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As the economy slides, business blogs gain fans

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Sunday, June 01, 2008

Best of the blogs:


Economist’s View
economistsview.typepad.com

Marginal Revolution
marginalrevolution.com

Paul Krugman,  The New York Times
krugman.blogs.nytimes.com

Real Time Economics,
The Wall Street Journal
blogs.wsj.com/economics/

Free Exchange,  The Economist
economist.com/debate/freeexchange

Best of the books:


Freakonomics
Steven D. Levitt and Stephen J. Dubner

Wealth of Nations
Adam Smith

Undercover Economist
Tim Harford

Deep Economy
Bill McKibben

The World Is Flat
Thomas Friedman

When baseball sluggers are slumping, they re-evaluate their swing. When the economy is going bad, generally there’s increased interest in the field of economics.

At least that’s what two Oregon economists think is happening, spurred by a daily dose of economic bad news.

“You see it on the front pages every day,” says Patrick Emerson, an assistant professor of economics at OSU and creator of the Oregon Economics Blog (oregonecon.blogspot.com). More students are eager to participate in class discussions now, Emerson says.

If the goal, though, is to become a self-styled economist, blogs can be a useful alternative to major news outlets for information. Some are offshoots of business newspapers and their reporters, some are by academics and professionals, and others are by hacks knowing nothing about economics.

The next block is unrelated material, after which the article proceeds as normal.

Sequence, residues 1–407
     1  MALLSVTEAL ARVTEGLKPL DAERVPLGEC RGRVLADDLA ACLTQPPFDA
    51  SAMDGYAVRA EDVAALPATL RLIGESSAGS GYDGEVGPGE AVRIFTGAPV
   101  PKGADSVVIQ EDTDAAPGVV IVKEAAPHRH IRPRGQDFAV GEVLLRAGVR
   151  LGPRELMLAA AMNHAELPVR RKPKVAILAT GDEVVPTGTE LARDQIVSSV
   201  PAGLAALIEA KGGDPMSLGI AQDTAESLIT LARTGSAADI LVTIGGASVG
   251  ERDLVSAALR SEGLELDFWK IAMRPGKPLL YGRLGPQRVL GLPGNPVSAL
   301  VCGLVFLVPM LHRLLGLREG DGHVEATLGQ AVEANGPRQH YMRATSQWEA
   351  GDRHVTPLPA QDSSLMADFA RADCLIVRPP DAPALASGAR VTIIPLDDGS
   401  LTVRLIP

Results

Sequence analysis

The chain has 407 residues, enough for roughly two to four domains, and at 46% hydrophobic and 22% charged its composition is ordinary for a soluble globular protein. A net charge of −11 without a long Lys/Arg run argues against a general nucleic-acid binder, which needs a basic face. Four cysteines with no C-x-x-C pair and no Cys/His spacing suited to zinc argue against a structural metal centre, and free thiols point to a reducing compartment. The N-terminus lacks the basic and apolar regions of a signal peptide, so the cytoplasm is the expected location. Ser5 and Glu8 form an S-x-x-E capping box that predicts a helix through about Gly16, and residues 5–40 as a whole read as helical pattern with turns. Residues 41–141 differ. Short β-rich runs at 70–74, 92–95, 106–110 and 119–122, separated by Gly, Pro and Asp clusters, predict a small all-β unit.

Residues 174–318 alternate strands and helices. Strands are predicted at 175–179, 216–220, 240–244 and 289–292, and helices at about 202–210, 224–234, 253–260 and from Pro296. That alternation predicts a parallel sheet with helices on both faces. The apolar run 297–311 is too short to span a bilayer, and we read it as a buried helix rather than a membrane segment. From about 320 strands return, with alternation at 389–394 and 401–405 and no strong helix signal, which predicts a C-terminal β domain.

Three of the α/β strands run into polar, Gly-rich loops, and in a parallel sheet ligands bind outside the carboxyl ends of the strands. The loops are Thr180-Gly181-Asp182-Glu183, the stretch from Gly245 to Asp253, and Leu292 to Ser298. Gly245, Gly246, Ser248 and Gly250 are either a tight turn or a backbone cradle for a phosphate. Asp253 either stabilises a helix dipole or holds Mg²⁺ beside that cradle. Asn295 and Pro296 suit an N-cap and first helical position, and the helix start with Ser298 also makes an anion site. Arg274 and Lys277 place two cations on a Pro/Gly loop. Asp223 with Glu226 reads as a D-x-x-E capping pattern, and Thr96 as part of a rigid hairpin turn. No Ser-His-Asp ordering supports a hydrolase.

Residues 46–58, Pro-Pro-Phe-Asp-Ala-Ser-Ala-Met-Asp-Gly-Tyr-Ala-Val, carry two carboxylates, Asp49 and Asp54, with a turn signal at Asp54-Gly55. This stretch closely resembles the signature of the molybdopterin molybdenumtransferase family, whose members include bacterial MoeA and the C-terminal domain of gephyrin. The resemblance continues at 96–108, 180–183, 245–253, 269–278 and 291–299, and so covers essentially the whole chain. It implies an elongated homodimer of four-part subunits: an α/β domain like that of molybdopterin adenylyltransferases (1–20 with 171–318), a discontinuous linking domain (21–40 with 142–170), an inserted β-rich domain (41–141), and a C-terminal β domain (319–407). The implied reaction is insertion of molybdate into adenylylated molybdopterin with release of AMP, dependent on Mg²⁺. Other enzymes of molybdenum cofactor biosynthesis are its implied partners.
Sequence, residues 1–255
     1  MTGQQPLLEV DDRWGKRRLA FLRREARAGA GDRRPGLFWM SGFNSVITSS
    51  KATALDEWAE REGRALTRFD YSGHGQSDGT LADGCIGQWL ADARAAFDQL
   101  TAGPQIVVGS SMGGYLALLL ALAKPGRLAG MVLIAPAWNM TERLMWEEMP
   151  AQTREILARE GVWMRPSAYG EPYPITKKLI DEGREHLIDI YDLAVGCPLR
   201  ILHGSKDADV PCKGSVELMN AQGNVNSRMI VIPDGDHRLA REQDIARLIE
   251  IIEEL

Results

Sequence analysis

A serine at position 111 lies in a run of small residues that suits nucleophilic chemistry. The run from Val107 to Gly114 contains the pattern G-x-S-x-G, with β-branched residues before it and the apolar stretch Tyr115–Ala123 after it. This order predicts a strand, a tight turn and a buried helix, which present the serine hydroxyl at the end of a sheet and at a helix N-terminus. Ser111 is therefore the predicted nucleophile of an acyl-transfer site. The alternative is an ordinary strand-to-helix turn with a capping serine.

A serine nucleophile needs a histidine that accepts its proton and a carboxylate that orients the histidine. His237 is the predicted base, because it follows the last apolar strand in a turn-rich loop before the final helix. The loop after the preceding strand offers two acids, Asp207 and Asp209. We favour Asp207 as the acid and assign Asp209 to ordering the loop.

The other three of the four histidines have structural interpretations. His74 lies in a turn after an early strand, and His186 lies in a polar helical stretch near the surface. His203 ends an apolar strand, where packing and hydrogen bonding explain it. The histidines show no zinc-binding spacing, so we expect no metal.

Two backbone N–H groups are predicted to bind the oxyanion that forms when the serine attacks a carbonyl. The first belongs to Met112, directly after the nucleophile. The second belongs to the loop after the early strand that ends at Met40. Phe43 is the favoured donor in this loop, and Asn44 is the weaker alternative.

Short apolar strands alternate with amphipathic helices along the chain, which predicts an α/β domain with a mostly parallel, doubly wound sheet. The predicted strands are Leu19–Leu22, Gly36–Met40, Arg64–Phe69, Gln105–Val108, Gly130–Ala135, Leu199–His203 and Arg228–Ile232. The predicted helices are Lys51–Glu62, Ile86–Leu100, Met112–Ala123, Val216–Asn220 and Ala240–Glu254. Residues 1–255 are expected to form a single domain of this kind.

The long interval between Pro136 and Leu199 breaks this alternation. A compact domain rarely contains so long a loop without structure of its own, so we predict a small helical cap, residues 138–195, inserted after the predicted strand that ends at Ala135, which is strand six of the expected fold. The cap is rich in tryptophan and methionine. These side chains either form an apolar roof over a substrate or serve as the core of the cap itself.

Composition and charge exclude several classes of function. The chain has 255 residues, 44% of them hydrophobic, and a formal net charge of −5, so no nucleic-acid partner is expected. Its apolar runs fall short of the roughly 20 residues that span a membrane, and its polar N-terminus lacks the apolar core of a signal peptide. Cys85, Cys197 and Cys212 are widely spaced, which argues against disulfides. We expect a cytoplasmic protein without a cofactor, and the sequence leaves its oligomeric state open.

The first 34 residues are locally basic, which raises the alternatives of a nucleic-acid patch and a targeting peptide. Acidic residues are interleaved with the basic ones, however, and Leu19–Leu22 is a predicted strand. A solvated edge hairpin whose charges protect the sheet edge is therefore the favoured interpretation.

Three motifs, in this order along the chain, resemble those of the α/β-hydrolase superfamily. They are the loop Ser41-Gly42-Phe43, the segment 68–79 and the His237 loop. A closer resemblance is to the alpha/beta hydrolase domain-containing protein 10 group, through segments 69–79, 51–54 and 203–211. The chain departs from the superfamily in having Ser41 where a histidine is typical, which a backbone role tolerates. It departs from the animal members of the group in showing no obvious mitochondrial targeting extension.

“It’s kind of what you are looking for,” says Mark Thoma, professor of economics at the University of Oregon. In March 2005 Thoma started what has become one of the more popular economic blogs, the Economist’s View. The blog attracts about 12,000 hits per day. But when the Federal Reserve held unscheduled meetings during last summer’s financial crisis, the blog suddenly received about 2,000 more hits per day, says Thoma.

The good and not-so-good economic blogs are separated by a natural, self-governing system on the Internet, by which credible and well-established sites recommend and post links to other economic blogs, Thoma says.

Many are specialized, too. Some are fact-based, and others are fiery commentary on major economic stories of the day. The best even break stories not appearing in the mainstream media.                                

JASON SHUFFLER



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